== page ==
By John J. Kruzel
American Forces Press Service
March 2, 2010 - The first phase of a Marine offensive in a former Taliban stronghold in Afghanistan's Helmand province is nearing completion, the Pentagon's No. 2 official said today. As the military operations of the roughly 15,000 NATO and Afghan forces that have been engaged in Operation Moshtarak since Feb. 13 begin to wind down, the focus in the Marja section of central Helmand is shifting from clearing out the enemy to holding the gains the operation has brought about.
"Our strategy, however, recognizes that military action is only the first step in a successful transition," Deputy Defense Secretary William J. Lynn III said today. "The Afghan government and security forces must ultimately take responsibility for security and governance."
Lynn said U.S. Marines are working alongside Afghan and U.S. civilians to help establish government services in Marja, where the raising of the Afghan government flag at a ceremony last week symbolized the end of Taliban dominion in the region.
Speaking to members of the American Legion, Lynn described continued resistance in Marja in the form of homemade bombs known as improvised explosive devices, or IEDs, which were littered across the area ahead of the operation, according to reports.
"Our soldiers are exposed to great risks daily," he said, "from IEDs, snipers and suicide attacks."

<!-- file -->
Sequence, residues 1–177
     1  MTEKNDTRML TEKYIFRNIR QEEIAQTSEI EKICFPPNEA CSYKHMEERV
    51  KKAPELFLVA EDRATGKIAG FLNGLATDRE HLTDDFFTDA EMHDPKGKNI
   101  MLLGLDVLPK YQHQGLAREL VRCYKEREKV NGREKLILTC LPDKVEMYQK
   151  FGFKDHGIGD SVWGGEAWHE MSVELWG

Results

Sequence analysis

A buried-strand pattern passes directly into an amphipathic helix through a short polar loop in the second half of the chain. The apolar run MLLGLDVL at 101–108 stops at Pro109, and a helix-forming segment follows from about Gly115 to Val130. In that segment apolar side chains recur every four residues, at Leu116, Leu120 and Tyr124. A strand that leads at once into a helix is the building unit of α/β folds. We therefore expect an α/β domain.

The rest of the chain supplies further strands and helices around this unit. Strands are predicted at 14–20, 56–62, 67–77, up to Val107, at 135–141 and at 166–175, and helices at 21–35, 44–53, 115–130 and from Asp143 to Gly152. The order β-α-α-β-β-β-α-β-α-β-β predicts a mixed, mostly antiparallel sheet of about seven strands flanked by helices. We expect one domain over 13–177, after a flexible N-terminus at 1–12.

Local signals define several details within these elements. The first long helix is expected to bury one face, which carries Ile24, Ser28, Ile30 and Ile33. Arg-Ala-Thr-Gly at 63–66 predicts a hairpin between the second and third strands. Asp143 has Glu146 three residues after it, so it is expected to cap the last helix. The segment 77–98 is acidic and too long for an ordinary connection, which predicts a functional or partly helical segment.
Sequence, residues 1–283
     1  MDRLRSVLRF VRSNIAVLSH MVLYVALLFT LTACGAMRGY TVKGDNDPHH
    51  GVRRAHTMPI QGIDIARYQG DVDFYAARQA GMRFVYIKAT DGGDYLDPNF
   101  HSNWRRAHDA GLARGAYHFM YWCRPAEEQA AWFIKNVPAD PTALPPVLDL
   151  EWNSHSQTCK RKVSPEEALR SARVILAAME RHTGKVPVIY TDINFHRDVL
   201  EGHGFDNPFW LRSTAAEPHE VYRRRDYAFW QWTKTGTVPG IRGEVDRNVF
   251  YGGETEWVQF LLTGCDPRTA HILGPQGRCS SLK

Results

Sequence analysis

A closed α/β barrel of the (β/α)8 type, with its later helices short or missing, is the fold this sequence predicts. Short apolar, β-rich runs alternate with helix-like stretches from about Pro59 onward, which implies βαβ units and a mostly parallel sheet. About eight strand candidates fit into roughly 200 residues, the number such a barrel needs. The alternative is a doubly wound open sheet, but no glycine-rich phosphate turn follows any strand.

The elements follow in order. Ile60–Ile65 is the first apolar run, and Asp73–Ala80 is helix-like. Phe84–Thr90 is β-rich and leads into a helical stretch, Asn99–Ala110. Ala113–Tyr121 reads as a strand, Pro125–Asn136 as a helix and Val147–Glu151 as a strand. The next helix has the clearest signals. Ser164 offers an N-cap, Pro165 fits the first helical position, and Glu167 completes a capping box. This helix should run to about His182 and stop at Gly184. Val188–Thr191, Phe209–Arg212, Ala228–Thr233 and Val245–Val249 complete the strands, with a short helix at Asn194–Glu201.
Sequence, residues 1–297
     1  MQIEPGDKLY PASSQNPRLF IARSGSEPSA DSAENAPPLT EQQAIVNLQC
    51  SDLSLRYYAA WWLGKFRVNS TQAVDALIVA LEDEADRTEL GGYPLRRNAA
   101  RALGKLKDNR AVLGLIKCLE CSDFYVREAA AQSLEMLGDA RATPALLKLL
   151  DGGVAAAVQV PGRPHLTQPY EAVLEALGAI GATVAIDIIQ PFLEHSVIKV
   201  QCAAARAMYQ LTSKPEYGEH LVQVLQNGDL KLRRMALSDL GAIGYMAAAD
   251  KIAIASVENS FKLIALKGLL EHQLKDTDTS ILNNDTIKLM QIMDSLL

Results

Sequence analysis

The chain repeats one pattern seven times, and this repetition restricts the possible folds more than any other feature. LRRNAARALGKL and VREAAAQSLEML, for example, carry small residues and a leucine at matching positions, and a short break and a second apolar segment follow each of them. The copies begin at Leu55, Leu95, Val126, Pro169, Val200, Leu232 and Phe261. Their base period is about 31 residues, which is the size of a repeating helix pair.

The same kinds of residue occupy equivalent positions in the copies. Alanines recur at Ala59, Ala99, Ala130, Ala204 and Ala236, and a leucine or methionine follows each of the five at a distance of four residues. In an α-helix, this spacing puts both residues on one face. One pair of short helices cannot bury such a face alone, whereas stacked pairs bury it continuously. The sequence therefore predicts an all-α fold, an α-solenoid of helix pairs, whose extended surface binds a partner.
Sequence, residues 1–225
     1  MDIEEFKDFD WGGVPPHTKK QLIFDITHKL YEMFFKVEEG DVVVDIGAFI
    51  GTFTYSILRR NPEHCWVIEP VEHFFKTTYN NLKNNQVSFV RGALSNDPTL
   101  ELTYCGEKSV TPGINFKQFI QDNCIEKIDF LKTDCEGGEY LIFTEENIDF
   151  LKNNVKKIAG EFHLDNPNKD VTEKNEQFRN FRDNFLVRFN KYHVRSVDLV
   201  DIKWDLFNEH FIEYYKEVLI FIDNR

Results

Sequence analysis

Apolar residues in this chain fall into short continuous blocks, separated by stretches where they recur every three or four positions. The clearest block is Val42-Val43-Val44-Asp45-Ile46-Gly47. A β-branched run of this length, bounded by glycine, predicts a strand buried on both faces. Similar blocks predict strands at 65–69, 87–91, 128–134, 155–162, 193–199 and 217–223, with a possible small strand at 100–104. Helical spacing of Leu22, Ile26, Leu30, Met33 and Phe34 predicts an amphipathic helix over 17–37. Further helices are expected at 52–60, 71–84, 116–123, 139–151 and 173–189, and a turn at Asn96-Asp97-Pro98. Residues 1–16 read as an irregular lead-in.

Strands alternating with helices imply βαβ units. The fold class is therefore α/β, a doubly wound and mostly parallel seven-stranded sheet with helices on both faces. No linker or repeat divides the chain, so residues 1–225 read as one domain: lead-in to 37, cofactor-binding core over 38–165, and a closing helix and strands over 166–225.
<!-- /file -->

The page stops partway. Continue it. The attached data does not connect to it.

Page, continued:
U.S. and NATO military officials remarked publicly for months before the offensive on the strategic importance of the southern Afghanistan region and the goal to clear the area of Taliban fighters. The rationale was to allow low-level Taliban fighters the chance to flee, and to warn civilians of the impending attack, officials said.
Marja has been characterized as representing the first test of President Barack Obama's strategy to add 30,000 more troops in the fight against Afghanistan-based insurgents. As the initial phase of operations comes to a close, Lynn said, Marja has emerged as an area where hope is returning.
"Because of our new strategy, and President Obama's deployment of additional troops, Marja is one of many cities in Afghanistan that has begun to have hope," he said. "And with Pakistan's capture of key Taliban leaders, the strategy of targeting adversaries on both sides of the border is paying off."
The capture in Pakistan last month of Mullah Abdul Ghani Baradar -- the Taliban's second-in-command to Mohammad Omar and the top operational commander -- had been described previously by the White House as a "significant win." News of the apprehension came last month amid reports that NATO and Afghan forces had yielded early progress -- and some stiff resistance -- against Taliban fighters ostensibly under Baradar's command in Marja and elsewhere in central Helmand.
"We still have a long road ahead," Lynn said, "but we are working hard with the Afghan government and with our partners to shift the momentum in our favor."